Prime Minister Benjamin Netanyahu. (Photo: Miriam Alster/Flash90) Prime Minister Benjamin Netanyahu. (Photo: Miriam Alster/Flash90)

Having dealt with Islamic terror for decades, Israel expressed condolences to the French public following the massacre in Paris on Wednesday.

President Rivlin. (Photo: Yonatan Sindel/Flash90)

President Reuven Rivlin. (Photo: Yonatan Sindel/Flash90)

The manhunt for two of three terrorists who massacred 12 civilians at Charlie Hebdo magazine headquarters in Paris on Wednesday continues. One of the assailants, Hamyd Mourad, 18, surrendered to police.

“The people of Israel send their condolences to the people of France over the brutal acts of savagery in the heart of Paris today,” Prime Minister Benjamin Netanyahu stated shortly after the attack.

Netanyahu stressed that the threat posed by Islamic terror was an international problem. “The attacks of radical Islam know no boundaries – these are international attacks and the response has to be international. The terrorists want to destroy our freedoms and our civilization. And therefore, all the free countries and all the civilized societies have to band together to fight this scourge.”

“If we stand together and if we are not divided, then we can defeat this tyranny that seeks to extinguish all our freedoms,” the prime minister stated.

In Israel, “we are experiencing these attacks time and again,” he added. “We know the pain but we also know the resolution with which free societies can defeat terror – however dreadful, however threatening.”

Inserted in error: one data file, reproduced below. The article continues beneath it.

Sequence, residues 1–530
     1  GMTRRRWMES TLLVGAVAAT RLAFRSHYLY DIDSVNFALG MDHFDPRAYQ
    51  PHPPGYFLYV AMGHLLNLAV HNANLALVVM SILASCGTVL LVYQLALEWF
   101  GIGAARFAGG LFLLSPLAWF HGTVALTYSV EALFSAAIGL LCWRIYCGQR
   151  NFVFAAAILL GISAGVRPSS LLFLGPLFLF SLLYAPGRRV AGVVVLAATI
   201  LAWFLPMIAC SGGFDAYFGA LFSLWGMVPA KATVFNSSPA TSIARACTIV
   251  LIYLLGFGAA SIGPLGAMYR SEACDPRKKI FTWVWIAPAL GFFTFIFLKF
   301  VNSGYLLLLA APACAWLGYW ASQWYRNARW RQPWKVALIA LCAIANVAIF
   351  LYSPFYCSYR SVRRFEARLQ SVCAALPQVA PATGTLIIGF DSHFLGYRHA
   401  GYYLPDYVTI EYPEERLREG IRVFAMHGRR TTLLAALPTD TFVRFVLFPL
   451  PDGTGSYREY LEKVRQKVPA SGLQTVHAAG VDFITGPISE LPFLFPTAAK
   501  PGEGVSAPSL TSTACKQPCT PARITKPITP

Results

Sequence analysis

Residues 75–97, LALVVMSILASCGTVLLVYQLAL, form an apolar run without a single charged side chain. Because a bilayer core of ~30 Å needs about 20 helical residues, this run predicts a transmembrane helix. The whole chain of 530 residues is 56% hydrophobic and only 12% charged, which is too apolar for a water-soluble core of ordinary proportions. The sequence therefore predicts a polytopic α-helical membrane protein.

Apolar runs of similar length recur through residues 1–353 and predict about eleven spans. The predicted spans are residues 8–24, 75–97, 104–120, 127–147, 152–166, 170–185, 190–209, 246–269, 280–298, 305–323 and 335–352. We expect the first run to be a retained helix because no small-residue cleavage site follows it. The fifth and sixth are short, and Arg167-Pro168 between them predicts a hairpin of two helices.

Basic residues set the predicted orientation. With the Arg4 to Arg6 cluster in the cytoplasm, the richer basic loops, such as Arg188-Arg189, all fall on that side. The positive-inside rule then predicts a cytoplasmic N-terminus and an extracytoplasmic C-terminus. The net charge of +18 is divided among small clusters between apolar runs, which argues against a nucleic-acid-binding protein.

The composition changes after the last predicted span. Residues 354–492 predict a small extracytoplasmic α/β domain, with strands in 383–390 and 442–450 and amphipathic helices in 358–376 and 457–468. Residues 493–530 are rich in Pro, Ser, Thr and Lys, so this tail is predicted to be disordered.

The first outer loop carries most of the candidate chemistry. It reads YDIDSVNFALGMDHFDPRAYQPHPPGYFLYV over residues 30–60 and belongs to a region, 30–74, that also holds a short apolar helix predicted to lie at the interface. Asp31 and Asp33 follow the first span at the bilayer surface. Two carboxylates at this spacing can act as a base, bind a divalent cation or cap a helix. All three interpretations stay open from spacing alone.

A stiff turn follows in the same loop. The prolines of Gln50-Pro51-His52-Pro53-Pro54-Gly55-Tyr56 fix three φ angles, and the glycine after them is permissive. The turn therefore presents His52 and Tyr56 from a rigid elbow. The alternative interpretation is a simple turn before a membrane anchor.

Israelis Familiar with ‘Horror and Grief’

President Reuven Rivlin sent French President Hollande a letter, and the two heads of state later spoke on the phone.

Rivlin repeated the call for international unity in the face of Muslim belligerence: “We all, throughout the free world, face the threat of terrorism and must stand united in the fight against those who seek to stifle free thought and continue to destroy the lives of so many. Sadly, I am no stranger to the horror and grief that follows such murderous attacks.

“We stand with France in its determination to safeguard freedom of speech and the freedom of the press, that are central pillars of any democracy,” Rivlin declared.

“I send my condolences to the French people and the French government. Israel shares France’s pain. Terrorism and terrorists must not be allowed to terrorize the free world, and the West must stand firmly united against this threat,” Foreign Minister Avigdor Liberman stated.

One of the victims of the massacre was Jewish caricaturist Georges Wolinski, 80.

Wolinski, a native of Tunisia who moved to France as a teenager, was known for his cynical and, at times, vulgar style. After entering the field of journalism in the 1960s, he went on to work at leading French publications such as L’Humanite, Le Nouvel Observateur and Paris Match.

One of Wolinski’s cartoons, published in a 2002 compilation of his works, shows a Muslim girl walking with her mother down a war-ravaged street in the Middle East. The daughter asks what it means to be a free woman. The mother replies by presenting her daughter with a copy of a book titled “Hello Sadness,” JTA reports.

“It’s clear that this was a planned attack against Wolinski and the other cartoon artists,” JTA quotes Richard Kenigsman, a well-known Jewish caricaturist and painter from Brussels, as saying. Kenigsman cited an attack and multiple threats against Charlie Hebdo since 2006 for publishing caricatures deemed offensive to Islam.

Moshe Kantor, president of the European Jewish Congress, said the shooting was an attack on “the European way of life which has already seen Jewish children gunned down at school and people murdered in cold blood while visiting a museum in Brussels.”

By: Aryeh Savir
Staff Writer, United with Israel

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